• The draft budget law for 2019 also defines the framework of the discussion between the coalition partners (the CDU/CSU and the SPD) and the opposition about the defence budget for the following four years of the grand coalition’s rule. The defence minister Ursula von der Leyen (CDU) has opposed the budget plans proposed by the finance minister Olaf Scholz (SPD). At the government meeting during which the draft budget law was adopted, von der Leyen and the minister for economic co-operation and development (CSU) submitted a declaration to the protocol, in which they demanded increased spending on defence and development co-operation. According to the CDU/CSU-SPD coalition agreement signed in February this year an increase in defence expenditure is linked to an increase in the official development assistance spending. Chancellor Angela Merkel supports an increased defence budget, while the SPD is opposed to it as it demands improved effectiveness of defence spending by the defence ministry. The entire opposition (the FDP, the AfD, the Green Party and the Left Party) have also criticised the defence ministry for the ineffectiveness and poor management of armament programmes. However, the FDP is in favour of increased funding for the Bundeswehr in order for Germany to deliver on the commitments made as part of the collective defence and to take part in crisis response operations. The AfD also supports stepping up spending on military purposes to 2% of the country’s GDP in 2025 and focusing the Bundeswehr on the defence of the country and NATO (not crisis response operations). Simultaneously, the AfD does not regard Russia as a challenge and threat to Germany’s security and it criticises NATO presence on its eastern flank. The Green Party is against a further increase in military spending and the Left Party has even demanded it be reduced.
  • The controversy surrounding the German defence expenditure is linked above all to the fact that the majority of German society and elites do not feel threatened by Russia or challenged by the crises in North Africa or in the Middle East and that they do not consider the armed forces to be an instrument of conflict prevention and resolution. Greater involvement of the Bundeswehr outside Germany is not linked to a perceived increase in challenges and threats for Germany. It is rather seen as necessary to meet the expectations of Germany’s allies in NATO (the US and the eastern flank states) and the EU (France). Security policy is not among the top priorities of the government’s agenda, and parties such as the CDU/CSU do not want to risk running an offensive pro-defence campaign in the pacifist German society, as they fear they may lose support and be confronted with a counter-offensive from the SPD, the Green Party and the Left. Such a campaign would also be more difficult to mount because it is the CDU/CSU politicians (Franz Josef Jung, Karl-Theodor zu Guttenberg, Thomas de Maizière, Ursula von der Leyen) who since 2005 have been responsible as defence ministers for the cuts in spending and the reforms in the Bundeswehr. Given strong opposition to Donald Trump in the German elites and society, the US administration’s criticism of the German defence budget appears even counter-productive, and unhelpful for German proponents of increasing the defence budget. Stronger public pressure from the EU’s allies and references to Germany’s responsibility in enhancing security on NATO’s eastern flank and Europe’s southern neighbourhood could be the only instruments which might influence the German debate on defence spending.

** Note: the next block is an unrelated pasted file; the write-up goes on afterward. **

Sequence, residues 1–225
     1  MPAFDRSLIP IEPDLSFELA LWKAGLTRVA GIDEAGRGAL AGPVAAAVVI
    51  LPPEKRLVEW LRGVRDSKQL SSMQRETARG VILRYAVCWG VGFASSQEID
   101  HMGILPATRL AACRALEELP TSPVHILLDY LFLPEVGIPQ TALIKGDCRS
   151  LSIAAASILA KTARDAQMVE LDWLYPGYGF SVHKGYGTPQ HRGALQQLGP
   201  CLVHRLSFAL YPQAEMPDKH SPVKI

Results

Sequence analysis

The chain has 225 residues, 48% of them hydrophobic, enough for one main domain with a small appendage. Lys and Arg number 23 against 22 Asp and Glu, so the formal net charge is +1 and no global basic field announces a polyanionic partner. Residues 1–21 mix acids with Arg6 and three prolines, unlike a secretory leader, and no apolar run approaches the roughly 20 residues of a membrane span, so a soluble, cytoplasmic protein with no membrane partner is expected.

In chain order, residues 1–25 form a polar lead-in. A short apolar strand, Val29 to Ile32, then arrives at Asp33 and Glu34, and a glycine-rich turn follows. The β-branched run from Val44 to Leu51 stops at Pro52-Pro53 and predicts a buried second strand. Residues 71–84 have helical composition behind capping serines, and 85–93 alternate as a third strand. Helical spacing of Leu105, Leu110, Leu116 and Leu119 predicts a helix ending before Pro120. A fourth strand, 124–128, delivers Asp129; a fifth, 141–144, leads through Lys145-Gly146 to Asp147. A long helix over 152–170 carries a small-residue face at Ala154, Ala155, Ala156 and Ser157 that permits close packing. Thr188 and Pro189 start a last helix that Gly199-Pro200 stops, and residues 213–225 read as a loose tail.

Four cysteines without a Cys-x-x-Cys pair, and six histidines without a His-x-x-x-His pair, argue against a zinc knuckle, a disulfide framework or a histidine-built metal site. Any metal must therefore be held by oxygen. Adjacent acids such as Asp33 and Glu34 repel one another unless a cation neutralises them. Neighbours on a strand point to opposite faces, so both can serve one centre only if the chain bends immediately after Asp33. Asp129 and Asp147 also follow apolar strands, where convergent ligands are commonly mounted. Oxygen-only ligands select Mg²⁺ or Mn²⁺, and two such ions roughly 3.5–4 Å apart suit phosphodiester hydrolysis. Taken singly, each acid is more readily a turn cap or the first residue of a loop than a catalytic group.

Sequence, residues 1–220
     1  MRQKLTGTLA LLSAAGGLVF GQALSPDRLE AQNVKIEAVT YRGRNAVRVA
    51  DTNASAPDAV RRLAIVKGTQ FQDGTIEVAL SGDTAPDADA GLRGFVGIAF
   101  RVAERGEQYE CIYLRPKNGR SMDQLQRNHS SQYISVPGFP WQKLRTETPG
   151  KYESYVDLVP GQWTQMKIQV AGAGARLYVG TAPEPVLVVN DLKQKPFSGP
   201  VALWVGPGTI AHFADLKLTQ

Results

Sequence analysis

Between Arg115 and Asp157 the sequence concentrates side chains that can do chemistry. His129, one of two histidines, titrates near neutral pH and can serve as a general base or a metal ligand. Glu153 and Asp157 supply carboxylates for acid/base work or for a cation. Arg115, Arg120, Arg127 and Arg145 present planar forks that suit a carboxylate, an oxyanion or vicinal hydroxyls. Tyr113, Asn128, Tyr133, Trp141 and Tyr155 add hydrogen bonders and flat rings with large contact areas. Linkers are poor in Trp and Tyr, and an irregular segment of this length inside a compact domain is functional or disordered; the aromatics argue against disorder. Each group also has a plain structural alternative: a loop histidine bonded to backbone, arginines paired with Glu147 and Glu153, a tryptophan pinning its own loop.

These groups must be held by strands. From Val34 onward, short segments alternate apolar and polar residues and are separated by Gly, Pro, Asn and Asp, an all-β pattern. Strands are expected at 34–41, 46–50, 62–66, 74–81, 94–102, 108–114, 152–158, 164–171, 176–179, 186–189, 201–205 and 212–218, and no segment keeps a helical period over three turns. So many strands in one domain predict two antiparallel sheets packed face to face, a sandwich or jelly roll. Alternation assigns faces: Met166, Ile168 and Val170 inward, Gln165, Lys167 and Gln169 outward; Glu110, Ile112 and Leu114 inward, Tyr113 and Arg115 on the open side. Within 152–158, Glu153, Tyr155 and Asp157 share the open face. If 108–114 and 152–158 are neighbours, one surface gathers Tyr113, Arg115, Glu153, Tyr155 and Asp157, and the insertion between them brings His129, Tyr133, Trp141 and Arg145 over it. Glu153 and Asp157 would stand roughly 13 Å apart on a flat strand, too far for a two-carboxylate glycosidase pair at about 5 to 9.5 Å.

• The draft budget law will be discussed in the Bundestag until this autumn, and this opens up certain possibilities to move larger funding to the defence budget, even though these possibilities are rather limited. During the Bundeswehr’s symposium on 15 May in Berlin, Ursula von der Leyen announced that in 2025 Germany will allocate 1.5% of its GDP to the Bundeswehr; however, so far her declaration has not been confirmed by the defence funding as currently planned and its implementation timeframe goes beyond the term of the present parliament.


Appendix. The 2019 defence budget and the financial plans for 2020–2022*








51st financial plan for 2017 in euros  

37.00 bn

38.45 bn

39.64 bn

40.91 bn

42.29 bn


52nd financial plan for 2018 in euros  



38.49 bn

41.54 bn

41.74 bn

42.70 bn

42.68 bn









Defence budget as percentage of GDP







Share of expenditure on investments in defence budget


(6 bn euros)


(6.3 bn euros)


(7.6 bn euros)


(6.3 bn euros)


(5.8 bn euros)


(4.3 bn euros)


* Data from the draft federal budget for 2019 and the presentation developed by Professor General Jürgen Schnell from the Bundeswehr University Munich Zum Verteidigungshaushalt im Finanzplan der Bundesregierung für die Jahre 2019-2022 - Vergleiche, Prognosen unie Bewertung, 5 May 2018.